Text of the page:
OF THE MORDVINS. 119
brand that has been carefully preserved from the last winter festival. When ignited, it is pushed into the pit below the stove, and the wood in the stove is lit from the blazing faggot. Besides the brand they put in the pit a log of birch, still wet, which smoulders for three days. On the remains of the brand they pour some of the water in which the switches were softened. Afterwards, it is put under the hearth- stone, to serve for the next winter's festival. Doucing the brand should be performed by a child, the youngest member of the house- hold that can stand on its feet. Before this is done its mother shakes salt over the brand, and as it crackles in the fire, she says :
"0, Nishhi Pas, shine upon us more sharply than salt; do not thunder, O Pas PurgineP
iN'ext day (Christmas-day) the married women cover the floor with clean straw, put a bath-switch of birch with its head outwards in the front corner, and a lighted candle in front of it, and then begin pre- paring food. The pig's head is cooked separately, and, when ready, a red ^%^ is put in its mouth, and also a softened sprig of birch. On the dish they lay red threads like a beard under the head, and this is called, " the golden beard."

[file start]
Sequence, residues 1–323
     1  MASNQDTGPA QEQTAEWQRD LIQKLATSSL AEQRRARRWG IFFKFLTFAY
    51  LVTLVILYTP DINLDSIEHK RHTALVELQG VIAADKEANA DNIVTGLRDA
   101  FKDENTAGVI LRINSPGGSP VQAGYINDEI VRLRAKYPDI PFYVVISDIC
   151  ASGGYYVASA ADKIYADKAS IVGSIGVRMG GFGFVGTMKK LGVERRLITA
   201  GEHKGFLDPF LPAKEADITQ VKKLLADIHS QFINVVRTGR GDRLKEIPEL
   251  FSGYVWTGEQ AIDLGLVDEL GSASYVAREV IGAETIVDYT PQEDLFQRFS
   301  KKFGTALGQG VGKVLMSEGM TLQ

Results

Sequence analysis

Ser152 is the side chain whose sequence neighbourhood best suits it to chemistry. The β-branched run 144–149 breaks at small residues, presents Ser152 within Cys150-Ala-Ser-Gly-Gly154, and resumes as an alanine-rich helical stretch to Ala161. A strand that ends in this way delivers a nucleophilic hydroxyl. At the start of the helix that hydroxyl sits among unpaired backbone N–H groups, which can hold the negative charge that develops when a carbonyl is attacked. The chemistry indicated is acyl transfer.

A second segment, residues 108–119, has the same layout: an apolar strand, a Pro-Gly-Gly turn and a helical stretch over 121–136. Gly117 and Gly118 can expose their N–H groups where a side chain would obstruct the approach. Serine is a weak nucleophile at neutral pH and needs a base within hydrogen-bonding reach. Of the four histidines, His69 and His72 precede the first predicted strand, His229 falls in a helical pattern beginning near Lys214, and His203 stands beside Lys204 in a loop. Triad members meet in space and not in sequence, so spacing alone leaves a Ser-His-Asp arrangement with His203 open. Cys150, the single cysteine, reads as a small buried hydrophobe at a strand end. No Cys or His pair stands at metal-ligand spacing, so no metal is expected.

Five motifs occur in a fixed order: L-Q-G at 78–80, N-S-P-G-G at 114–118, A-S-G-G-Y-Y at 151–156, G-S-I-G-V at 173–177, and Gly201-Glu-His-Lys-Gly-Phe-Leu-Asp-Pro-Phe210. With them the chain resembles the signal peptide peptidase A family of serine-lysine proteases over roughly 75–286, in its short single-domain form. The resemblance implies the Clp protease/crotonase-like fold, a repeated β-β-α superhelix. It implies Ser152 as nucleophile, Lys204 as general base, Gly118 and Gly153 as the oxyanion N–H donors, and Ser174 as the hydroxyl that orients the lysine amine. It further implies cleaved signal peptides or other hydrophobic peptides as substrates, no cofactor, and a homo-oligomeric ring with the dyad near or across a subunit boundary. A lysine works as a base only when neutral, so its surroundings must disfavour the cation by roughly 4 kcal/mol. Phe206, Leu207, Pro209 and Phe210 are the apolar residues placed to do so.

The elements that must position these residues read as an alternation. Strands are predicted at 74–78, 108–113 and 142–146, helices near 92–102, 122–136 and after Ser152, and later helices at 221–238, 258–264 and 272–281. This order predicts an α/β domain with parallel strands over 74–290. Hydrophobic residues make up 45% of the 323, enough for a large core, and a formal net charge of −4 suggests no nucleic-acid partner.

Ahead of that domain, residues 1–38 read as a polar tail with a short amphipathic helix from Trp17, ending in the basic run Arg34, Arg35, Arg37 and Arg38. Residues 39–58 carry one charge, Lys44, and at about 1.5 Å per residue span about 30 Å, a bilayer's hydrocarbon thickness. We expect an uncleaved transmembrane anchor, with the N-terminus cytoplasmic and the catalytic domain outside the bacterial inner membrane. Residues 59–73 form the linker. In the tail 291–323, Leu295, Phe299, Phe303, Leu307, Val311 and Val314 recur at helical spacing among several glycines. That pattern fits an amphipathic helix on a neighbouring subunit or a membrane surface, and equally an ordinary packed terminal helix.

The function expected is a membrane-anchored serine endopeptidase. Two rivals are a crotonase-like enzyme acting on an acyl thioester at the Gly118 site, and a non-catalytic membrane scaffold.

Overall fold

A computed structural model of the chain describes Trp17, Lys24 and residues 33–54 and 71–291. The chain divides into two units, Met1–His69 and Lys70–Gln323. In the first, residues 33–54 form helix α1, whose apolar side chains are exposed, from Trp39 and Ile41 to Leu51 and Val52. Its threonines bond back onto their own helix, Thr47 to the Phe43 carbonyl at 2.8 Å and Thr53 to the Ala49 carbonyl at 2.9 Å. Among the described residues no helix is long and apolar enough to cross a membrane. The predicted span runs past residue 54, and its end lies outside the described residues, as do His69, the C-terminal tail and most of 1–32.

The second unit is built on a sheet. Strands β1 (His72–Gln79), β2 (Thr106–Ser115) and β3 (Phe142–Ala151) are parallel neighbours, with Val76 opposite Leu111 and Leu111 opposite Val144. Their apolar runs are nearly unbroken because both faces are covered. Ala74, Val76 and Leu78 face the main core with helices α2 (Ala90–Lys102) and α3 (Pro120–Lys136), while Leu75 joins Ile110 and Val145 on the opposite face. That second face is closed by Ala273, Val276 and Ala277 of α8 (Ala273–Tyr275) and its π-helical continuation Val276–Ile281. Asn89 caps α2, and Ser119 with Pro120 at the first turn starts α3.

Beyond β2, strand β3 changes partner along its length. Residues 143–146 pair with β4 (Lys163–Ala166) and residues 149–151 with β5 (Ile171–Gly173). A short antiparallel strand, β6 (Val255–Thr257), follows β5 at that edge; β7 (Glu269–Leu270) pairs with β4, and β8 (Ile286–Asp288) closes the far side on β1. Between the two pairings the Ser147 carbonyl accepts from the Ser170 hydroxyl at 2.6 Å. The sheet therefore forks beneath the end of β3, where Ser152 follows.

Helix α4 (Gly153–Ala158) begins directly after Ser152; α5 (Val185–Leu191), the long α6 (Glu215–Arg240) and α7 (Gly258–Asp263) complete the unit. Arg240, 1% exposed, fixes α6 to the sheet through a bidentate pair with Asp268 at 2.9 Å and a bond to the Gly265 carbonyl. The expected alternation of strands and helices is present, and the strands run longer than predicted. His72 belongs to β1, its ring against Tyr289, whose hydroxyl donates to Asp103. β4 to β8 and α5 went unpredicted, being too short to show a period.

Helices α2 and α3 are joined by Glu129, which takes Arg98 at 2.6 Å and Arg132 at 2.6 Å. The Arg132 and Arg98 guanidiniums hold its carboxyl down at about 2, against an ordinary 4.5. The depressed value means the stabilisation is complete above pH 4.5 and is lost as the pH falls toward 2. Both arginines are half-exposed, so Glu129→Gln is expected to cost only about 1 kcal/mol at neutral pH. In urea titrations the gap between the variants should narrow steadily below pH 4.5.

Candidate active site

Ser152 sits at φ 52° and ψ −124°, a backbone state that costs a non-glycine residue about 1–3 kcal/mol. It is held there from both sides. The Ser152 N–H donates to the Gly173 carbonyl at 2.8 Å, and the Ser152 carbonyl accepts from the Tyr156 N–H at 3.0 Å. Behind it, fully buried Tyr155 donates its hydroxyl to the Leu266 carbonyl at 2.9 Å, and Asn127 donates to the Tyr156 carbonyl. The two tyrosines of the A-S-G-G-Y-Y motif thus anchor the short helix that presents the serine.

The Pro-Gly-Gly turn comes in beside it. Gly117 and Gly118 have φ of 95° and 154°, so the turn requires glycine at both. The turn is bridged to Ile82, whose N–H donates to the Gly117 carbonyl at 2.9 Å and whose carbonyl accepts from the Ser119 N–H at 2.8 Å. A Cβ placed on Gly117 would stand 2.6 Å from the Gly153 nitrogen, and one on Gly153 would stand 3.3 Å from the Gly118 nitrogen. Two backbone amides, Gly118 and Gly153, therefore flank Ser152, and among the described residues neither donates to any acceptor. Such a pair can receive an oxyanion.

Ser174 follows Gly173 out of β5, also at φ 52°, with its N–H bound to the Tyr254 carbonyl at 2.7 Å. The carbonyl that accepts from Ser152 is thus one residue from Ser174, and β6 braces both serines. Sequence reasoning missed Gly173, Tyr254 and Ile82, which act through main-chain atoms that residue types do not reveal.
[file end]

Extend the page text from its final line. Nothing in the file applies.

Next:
At mid- day, December 25, the master of the house lights a candle and falls on his knees with all the household before the open window. At all divine services at home the Mordvins keep the window open and look through it to the sky while repeating their prayers. All bow towards the ground and elevate their hands, while the master of the house invites the gods as guests in this way:
" 0, Cham Pas, have mercy upon us. 0, Ange Patyai, dear mother, most holy mother of God, come to our house, to thy hjoU chyanyan festival. 0, Nishki Pas, 0, InicTie Pas, come to our house, to thy kyolchyanyan festival. O, Svyet Vereshhi Velen Pas (here other divinities are mentioned, as the case may be), come to our house with Ange Patyai and her son Iniche Pas to their kyolchyanyan festival."
Cham Pas is too great to be invited as a guest. The Mordvins say if he were to enter anyone's house the whole village, with all its inhabitants, buildings, cattle, fields, woods, rivers, and wells, would burn up in the twinkling of an eye.